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Calusa Backwater Adventures With Calusa John - May 2009

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On: Tue, Apr 21, 2009 at 2:51PM | By: John Paeno

South Florida is no stranger to the destructive force and power of hurricanes. After Charley hit the Sound, I went out with several friends, archeologists, and scholars to inspect damage to the assorted ancient sites, and we noticed some interesting things. Large amounts of sand and shell were gone in places, and in other places it was deposited in large amounts. I noticed in one place an old shell mound at least 20' high had been ripped open and large conch shells had spilled out into the water. The end of Cayo Costa had disappeared and a new pass was created in Upper Captiva. I also saw pot shards on the beach along the Captiva pass end of Cayo Costa. Imagine, if you will, the time is about 600AD and you live on Pine Island Sound at Pineland. You have your family, maybe 5 to 15 people, living with you, and your home is on a sand ridge along the waterfront, where you can gather all the seafood you want. Life is good and food is abundant.

The little community has constructed a communal house on the beach with drying/cooking racks around fires. Then, one day, you notice the wildlife has disappeared, and it seems so quiet you know something bad is going happen — you can feel it in the air. The wind and rain start and you try to take shelter in the grass stick house, but soon the wind destroys it. As vegetation starts blowing away and the waters start to rise, everyone heads inland. But at this time in history, Pineland is an island of its own and separate from Pine Island. So you flee into the swampy interior, huddle up, and wait for the end to come. The islands were swept and a large deposit of sand was left at the Pineland site. Then after the people regrouped and survivors banded together, some point along this path they decided to have a central government, and a leader was chosen or came forth to lead them. They started public works projects like building canals and mounds, and, by 1513, a great civilization was here and the Calusa city of Tanpa was where today’s Pineland is.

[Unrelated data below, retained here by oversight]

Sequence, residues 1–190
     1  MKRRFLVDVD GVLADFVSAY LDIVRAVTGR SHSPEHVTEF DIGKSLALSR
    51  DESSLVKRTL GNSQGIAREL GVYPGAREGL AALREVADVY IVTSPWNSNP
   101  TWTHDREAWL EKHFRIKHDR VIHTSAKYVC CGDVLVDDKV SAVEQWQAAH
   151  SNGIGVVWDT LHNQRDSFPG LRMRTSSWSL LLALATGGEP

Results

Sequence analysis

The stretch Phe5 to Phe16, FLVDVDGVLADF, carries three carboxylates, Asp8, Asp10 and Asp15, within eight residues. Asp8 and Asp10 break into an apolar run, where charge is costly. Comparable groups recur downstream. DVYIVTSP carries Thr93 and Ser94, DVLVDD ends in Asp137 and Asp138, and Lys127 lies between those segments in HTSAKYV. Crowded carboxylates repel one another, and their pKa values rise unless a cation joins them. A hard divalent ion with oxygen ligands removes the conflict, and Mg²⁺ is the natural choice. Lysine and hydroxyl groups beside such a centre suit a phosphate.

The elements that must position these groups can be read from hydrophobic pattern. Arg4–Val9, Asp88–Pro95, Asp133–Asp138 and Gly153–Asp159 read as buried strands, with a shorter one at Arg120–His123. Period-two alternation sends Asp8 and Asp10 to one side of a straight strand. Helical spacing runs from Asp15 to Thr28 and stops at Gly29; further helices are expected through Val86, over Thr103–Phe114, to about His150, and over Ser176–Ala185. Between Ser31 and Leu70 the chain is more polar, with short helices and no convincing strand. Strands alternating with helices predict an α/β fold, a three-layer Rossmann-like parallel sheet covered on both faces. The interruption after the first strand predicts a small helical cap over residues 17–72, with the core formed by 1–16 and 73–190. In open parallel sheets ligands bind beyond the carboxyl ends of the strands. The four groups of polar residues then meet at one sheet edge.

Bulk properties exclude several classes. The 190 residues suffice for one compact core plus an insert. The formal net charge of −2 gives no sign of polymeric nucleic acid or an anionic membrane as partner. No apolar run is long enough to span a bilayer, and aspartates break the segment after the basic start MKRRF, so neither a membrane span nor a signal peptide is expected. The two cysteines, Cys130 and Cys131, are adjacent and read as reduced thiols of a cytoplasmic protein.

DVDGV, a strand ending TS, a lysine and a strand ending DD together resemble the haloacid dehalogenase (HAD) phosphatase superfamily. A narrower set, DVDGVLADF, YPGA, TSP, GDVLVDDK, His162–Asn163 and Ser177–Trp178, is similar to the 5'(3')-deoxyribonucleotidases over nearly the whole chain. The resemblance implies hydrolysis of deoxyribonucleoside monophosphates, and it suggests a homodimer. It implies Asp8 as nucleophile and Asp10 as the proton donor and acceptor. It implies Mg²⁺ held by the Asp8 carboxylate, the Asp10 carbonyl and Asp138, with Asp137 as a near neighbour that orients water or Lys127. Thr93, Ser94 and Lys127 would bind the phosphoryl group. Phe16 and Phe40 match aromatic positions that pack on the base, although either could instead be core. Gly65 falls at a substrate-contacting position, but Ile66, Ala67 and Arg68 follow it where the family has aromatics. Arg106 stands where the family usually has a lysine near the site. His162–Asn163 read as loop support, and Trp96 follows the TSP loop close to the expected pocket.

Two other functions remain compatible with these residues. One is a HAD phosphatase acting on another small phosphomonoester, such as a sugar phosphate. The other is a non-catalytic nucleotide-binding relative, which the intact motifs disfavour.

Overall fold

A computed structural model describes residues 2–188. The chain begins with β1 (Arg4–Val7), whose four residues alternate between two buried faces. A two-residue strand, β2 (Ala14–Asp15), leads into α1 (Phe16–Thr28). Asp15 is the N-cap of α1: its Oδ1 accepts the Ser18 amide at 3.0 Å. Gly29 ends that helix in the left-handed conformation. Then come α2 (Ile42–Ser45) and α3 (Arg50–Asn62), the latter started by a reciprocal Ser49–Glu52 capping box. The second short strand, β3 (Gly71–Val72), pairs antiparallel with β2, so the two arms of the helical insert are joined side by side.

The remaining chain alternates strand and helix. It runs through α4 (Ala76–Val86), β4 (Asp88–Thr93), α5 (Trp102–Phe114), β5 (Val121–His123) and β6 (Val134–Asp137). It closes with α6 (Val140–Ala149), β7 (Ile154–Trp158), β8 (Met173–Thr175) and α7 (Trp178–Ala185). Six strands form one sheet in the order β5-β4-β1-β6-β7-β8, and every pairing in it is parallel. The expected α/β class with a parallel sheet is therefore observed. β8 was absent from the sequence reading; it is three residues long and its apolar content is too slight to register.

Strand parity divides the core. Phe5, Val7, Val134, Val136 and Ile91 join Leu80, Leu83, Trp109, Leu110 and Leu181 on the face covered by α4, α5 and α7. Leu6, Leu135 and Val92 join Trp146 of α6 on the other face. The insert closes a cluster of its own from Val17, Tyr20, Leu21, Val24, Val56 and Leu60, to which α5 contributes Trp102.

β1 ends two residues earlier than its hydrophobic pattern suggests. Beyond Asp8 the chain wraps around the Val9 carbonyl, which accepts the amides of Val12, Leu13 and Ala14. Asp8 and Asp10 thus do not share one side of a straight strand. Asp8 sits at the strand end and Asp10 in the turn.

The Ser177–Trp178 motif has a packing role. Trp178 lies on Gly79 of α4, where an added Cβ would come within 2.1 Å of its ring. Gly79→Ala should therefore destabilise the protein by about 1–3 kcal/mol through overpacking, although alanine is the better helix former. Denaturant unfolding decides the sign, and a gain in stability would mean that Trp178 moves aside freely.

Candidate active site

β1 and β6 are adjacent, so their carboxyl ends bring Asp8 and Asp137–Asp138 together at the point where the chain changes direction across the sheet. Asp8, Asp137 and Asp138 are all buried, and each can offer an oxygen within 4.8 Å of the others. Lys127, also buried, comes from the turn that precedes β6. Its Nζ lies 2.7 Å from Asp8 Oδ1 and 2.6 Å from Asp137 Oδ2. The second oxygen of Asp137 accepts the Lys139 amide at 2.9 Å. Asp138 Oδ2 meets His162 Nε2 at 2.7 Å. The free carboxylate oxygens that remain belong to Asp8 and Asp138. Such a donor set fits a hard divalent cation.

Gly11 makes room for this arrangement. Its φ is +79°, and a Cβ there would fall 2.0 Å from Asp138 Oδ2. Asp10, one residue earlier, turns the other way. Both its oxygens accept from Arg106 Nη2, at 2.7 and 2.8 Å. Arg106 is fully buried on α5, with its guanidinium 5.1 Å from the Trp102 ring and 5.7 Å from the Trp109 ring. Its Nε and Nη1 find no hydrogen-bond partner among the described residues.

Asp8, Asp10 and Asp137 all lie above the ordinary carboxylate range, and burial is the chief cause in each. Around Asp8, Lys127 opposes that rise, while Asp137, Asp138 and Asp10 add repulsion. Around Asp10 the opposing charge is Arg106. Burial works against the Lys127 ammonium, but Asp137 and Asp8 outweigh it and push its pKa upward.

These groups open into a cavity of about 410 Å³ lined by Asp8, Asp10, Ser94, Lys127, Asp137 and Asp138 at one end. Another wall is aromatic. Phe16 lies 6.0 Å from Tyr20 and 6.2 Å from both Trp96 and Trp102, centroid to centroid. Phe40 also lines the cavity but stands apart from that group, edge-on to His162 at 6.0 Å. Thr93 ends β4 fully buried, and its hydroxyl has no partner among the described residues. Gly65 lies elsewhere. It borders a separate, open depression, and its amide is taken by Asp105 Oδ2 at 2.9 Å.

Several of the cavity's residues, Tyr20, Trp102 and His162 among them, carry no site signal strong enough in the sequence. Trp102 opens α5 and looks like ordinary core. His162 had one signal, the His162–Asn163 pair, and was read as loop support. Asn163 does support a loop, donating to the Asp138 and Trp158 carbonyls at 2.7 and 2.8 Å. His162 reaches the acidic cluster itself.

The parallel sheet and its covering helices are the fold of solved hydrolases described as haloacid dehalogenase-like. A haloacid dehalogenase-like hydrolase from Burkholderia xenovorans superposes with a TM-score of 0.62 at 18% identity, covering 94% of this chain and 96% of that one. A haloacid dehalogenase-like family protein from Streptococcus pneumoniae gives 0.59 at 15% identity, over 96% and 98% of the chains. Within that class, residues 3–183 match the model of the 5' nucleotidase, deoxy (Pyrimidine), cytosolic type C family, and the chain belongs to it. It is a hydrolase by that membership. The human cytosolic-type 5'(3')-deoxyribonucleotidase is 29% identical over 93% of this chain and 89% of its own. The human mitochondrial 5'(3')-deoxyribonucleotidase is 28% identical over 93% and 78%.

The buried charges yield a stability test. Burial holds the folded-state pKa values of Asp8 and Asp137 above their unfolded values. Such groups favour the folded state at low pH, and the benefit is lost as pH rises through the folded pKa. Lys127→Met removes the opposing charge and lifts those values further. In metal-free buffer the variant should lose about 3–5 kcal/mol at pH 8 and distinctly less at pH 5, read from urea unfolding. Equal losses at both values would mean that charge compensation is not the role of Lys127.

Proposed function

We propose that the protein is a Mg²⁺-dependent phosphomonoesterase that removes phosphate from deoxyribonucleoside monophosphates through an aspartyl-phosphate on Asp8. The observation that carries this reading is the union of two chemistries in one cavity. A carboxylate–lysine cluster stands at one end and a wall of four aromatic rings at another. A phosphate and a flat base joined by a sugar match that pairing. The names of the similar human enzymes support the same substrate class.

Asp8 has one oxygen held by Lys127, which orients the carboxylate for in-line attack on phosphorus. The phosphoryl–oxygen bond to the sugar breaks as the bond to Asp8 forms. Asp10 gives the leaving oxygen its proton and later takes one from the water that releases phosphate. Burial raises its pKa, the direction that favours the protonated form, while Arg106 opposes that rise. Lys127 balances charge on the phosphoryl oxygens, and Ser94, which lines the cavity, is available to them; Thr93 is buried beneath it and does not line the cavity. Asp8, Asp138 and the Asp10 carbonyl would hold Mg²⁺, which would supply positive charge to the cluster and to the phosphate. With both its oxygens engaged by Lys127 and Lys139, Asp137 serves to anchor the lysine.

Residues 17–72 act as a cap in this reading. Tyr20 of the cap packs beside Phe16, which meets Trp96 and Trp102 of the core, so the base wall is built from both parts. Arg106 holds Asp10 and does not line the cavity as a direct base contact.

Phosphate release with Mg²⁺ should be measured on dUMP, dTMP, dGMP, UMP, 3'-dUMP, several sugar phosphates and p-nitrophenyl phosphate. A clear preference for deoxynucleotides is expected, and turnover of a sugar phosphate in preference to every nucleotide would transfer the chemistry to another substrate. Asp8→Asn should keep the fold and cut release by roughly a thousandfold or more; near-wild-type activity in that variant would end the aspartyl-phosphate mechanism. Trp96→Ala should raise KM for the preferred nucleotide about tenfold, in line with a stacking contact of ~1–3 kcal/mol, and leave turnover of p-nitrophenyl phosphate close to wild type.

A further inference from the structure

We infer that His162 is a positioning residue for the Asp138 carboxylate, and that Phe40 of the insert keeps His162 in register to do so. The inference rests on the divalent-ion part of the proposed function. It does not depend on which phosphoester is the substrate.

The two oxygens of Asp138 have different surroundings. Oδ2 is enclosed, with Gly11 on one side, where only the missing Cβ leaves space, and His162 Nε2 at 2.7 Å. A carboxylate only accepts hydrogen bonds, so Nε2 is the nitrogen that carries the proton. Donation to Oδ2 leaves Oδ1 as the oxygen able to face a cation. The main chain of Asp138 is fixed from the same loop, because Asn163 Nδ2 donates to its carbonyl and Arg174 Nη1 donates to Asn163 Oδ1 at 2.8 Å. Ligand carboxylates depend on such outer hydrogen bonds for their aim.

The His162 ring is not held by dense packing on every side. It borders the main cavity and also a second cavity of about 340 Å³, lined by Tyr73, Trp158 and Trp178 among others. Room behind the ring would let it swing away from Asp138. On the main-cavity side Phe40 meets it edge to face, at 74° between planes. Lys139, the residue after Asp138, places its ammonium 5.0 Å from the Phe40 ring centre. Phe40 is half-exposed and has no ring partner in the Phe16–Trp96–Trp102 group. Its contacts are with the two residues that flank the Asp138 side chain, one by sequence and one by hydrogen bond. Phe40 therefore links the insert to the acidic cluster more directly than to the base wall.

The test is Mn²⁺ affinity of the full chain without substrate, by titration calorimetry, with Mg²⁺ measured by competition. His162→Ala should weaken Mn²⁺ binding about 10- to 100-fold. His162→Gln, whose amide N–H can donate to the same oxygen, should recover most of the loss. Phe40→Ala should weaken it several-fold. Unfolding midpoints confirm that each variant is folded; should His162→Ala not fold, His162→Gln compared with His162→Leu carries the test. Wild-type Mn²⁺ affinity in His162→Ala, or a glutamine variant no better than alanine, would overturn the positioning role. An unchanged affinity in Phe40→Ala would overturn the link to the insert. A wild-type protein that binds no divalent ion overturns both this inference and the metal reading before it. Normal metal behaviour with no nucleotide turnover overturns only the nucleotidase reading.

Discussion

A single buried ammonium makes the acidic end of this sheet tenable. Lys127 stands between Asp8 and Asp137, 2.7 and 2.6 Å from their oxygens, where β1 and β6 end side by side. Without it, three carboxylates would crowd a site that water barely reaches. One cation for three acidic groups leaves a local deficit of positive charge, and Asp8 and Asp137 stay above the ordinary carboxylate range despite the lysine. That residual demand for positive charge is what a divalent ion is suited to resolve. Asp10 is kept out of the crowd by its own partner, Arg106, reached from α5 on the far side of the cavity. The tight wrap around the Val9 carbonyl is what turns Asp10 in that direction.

An estimate of this city population was 750 to 1000 people at first contact with the Spanish. They developed a sophisticated religion and military. They believed we all are born with three souls, but only one went on after death and that one would go into a smaller animal, and when that animal died it went into a smaller one still, until finally they just disappeared. Note: John Worth, Former Assistant Director of Randell Research Center, conducted research revealing that, indeed, a small community was living at Pineland around 600AD when a 12-16 inch layer of sand covered all signs of human habitation; and it was 50 to 100 years before the Calusas had returned to the island. Join me on a Calusa Ghost Tour and find out where the village was. John Paeno is owner/operator of Calusa Ghost Tours and co-owner of Calusa Backwater Adventures. He also is a staff writer for the Nautical Mile Magazine of Lee, Collier, and Charlotte counties. search Calusa John 239-541-2532


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